A report in the Times 16 June 1904 shows that he provided the floors for its 150 bathrooms and lavatories, and the floor-to-ceiling tiling in the refrigeration rooms in the Savoy Hotel.
Prior to the rebuilding of the Old College Science wing in 1887 there are a number of instances of Seddon and Rust working together. In 1875 Rust supplied J.P. Seddon with mosaics for a new Victorian Gothic church at Ayot St Peter, Hertfordshire which he designed in contrasting shades of red, blue and white brick. Jesse Rust supplied a particularly jolly mosaic font in the interior, and even a blue mosaic clock face on the church tower.
Ayot St Peter, Hertfordshire, designed by JP Seddon
Clock face mosaic by Jesse Rust, at Ayot St Peter
The Llanbadarn Church floor dates from 1878. Seddon also did work designing stained glass for Rust, and he designed the front facade of his Battersea premises.
Many of Rust’s functional mosaic floors have probably been cleared away and replaced, for with the passage of time individual tesserae become detached and come away with the sweepings, leaving flaws in the design and dirt traps in the floor. Llanbadarn Church needs substantial grants to return the mosaic to its former glory, and then dispense with the protective carpet. But it is pleasing to believe that the Old College building boasts probably the most westerly Jesse Rust mosaic. Further research may even reveal the invoice in the University archives.
In November I wrote about the Old College, Aberystwyth, and an early photograph showing the construction of the main hotel entrance on King Street in 1864. Now further researches in the archive of the Clarkes of Llandaff by Mike Statham have brought a further early picture to light, and this one, I think, may be less well known.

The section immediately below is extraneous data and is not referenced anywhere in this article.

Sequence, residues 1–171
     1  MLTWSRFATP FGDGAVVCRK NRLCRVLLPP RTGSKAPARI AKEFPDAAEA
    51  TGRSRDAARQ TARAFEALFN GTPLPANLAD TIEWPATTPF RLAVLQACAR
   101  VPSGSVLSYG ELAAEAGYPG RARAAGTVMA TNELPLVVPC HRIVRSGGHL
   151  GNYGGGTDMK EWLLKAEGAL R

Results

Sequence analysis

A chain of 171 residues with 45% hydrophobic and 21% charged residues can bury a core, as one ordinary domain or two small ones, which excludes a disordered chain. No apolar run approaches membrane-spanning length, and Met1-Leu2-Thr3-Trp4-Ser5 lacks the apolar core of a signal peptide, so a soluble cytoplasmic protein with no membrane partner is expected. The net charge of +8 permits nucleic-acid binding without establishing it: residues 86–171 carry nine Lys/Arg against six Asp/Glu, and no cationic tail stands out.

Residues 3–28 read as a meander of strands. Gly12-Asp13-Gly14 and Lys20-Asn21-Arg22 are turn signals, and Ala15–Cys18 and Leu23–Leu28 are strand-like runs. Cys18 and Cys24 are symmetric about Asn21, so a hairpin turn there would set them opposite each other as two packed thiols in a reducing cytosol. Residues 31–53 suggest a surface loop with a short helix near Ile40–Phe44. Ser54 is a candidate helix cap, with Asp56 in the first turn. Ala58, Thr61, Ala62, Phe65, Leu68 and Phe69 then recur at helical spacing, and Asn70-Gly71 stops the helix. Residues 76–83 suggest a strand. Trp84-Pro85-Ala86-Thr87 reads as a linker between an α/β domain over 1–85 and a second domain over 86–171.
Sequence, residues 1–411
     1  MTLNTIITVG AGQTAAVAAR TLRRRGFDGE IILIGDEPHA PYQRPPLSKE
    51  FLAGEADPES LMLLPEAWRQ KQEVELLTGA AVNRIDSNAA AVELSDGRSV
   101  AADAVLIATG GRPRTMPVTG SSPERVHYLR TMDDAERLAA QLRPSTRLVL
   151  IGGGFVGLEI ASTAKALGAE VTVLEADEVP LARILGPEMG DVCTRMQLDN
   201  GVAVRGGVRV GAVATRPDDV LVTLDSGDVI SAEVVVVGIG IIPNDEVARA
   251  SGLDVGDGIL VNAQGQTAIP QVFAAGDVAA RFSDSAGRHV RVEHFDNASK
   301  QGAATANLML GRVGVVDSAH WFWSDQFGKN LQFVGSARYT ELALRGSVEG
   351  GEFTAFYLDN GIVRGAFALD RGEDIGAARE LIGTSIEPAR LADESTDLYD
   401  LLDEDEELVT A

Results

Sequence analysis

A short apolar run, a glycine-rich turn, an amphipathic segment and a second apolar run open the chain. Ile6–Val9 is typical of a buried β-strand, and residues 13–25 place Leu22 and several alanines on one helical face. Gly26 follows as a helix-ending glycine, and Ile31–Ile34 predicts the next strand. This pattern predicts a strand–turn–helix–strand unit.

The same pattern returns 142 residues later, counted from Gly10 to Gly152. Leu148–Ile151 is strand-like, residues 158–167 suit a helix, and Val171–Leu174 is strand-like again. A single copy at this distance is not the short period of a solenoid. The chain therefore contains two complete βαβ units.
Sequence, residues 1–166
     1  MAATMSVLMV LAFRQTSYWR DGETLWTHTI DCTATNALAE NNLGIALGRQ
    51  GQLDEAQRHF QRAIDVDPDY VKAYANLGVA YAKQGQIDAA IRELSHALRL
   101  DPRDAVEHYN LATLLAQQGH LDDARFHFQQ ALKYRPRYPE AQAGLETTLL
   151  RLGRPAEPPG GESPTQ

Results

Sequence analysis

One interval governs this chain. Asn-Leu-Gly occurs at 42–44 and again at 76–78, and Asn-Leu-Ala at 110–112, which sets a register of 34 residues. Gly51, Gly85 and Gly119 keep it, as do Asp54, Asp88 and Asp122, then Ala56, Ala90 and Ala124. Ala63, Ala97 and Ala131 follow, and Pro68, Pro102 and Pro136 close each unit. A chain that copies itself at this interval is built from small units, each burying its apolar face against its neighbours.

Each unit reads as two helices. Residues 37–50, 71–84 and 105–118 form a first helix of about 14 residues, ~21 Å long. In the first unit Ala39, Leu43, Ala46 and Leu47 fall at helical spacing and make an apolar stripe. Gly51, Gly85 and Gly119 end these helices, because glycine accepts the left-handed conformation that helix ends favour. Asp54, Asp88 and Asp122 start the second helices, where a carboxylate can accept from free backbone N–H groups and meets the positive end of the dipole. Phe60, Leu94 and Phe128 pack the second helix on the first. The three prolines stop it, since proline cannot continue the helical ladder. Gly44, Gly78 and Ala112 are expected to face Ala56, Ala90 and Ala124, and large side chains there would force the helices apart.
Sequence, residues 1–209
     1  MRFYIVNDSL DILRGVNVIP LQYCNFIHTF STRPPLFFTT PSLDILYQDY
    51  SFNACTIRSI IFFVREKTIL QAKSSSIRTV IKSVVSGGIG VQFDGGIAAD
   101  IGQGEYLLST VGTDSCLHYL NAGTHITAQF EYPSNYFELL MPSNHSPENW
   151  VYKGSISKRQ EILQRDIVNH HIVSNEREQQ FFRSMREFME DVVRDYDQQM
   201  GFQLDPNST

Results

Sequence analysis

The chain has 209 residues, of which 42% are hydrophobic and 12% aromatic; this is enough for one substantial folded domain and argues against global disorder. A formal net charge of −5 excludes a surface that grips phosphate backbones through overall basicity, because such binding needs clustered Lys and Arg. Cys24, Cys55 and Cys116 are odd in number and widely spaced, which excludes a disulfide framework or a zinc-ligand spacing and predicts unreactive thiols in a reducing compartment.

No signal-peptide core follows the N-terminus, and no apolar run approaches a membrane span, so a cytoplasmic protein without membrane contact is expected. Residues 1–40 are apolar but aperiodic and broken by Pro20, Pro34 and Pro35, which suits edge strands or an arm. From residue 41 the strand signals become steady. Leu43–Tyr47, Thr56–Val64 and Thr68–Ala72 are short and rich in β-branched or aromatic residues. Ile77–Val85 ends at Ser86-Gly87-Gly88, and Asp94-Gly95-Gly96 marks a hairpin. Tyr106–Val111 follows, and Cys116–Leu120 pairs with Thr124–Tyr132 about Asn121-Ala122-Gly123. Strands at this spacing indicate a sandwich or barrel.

Old College under construction 1864-5. Copyright William Michael Clarke
The view is from the shore and shows the sea wall still under construction and topped by builders’ sheds. Wooden scaffolds cover the entire facade, and the progress of the build seems to have been from south to north. Immediately beside the old Nash dwelling Castle House, (just visible at the right of this picture) we see the oval front of Seddon’s large seaward facing bar, which is now known as the Seddon Room. Above it on the first floor, and approached, by gentlemen only, up a separate stair, were the smoking room which overlooked Laura Place and the billiard room overlooking the sea. In this picture, the billiard room construction looks almost compete, its roof pierced by three small dormers, and topped by a glazed rectangular ceiling light looking very much like a huge wardian case. These details are true to Savin and Seddon’s original ambitious design for the hotel. The Billiard room was 48 feet by 24 feet and was to accommodate three full sized billiard tables and many spectators.
Further north the build looks confusing. Two gables have been competed in line with Seddon’s original plans, but the third, taller gable appears partly constructed, and the distinctive ornamental hexagonal chimney beside it seems not yet to have been built. There seems instead to be a hole in the roof where it will later stand.
To the north end, the first floor of the building has only reached the tops of its gothic arched windows, and so it seems to have remained for many years. It was incomplete at the time of the bankruptcy of the hotel and remained so during the first phase of Seddon’s alterations to the building for College use.
The fire in the Chemistry lab, on 9 July 1885 which extended to gut the whole of the north wing, is recorded in a photograph after the disaster. The grand billiard room roof is gone, as are the three gables of roof adjoining it. On the left we see that the build at the north end has still, after 20 years, not progressed above the first floor, and remains a shell, just as it appeared in 1865.
Old College after the fire of 1885. Reproduced in The Old College, by Elgan Philip Davies, Gomer, 2011